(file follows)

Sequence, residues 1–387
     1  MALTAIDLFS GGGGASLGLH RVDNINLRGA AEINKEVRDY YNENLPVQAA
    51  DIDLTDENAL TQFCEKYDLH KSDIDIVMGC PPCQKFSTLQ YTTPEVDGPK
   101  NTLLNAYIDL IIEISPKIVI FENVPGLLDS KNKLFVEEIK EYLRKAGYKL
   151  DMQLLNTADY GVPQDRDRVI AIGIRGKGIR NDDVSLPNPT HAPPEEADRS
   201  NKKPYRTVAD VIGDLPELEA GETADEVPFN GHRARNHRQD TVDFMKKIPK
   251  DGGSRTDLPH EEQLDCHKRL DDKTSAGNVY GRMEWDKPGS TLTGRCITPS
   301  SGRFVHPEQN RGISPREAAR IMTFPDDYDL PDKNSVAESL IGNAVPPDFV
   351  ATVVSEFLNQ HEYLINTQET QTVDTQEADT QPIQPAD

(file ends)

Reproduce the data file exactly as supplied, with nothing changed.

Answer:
Sequence, residues 1–387
     1  MALTAIDLFS GGGGASLGLH RVDNINLRGA AEINKEVRDY YNENLPVQAA
    51  DIDLTDENAL TQFCEKYDLH KSDIDIVMGC PPCQKFSTLQ YTTPEVDGPK
   101  NTLLNAYIDL IIEISPKIVI FENVPGLLDS KNKLFVEEIK EYLRKAGYKL
   151  DMQLLNTADY GVPQDRDRVI AIGIRGKGIR NDDVSLPNPT HAPPEEADRS
   201  NKKPYRTVAD VIGDLPELEA GETADEVPFN GHRARNHRQD TVDFMKKIPK
   251  DGGSRTDLPH EEQLDCHKRL DDKTSAGNVY GRMEWDKPGS TLTGRCITPS
   301  SGRFVHPEQN RGISPREAAR IMTFPDDYDL PDKNSVAESL IGNAVPPDFV
   351  ATVVSEFLNQ HEYLINTQET QTVDTQEADT QPIQPAD